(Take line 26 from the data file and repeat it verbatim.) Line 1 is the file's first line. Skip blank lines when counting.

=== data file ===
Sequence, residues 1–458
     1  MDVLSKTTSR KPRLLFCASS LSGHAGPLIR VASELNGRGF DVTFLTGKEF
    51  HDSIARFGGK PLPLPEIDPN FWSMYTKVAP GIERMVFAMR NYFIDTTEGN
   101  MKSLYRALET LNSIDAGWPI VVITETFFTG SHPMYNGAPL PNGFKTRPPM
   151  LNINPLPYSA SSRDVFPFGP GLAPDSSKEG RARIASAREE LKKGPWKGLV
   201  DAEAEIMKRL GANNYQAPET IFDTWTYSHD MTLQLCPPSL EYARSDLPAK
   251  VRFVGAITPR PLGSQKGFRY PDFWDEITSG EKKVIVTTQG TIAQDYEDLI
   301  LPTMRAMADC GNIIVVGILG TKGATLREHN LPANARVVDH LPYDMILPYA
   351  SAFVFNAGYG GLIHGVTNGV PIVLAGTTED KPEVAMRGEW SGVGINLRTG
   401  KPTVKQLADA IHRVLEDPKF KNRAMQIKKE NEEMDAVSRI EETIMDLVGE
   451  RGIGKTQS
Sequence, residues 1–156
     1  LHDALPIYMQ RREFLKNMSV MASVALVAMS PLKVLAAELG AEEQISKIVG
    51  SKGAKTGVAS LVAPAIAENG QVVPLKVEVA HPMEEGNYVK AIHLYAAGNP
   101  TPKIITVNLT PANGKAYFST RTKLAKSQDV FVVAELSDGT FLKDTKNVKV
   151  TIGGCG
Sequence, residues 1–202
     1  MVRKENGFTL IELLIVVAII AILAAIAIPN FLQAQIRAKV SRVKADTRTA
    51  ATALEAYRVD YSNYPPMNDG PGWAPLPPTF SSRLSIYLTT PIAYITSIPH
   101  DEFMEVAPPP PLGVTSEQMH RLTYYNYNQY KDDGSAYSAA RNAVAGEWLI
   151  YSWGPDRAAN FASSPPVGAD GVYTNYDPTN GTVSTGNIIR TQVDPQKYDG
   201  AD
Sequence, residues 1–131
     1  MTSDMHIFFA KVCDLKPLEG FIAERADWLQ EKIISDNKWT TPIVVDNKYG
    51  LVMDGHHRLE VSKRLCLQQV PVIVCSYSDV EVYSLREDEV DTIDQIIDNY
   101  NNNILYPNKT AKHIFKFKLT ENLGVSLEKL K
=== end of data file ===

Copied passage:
   101  NNNILYPNKT AKHIFKFKLT ENLGVSLEKL K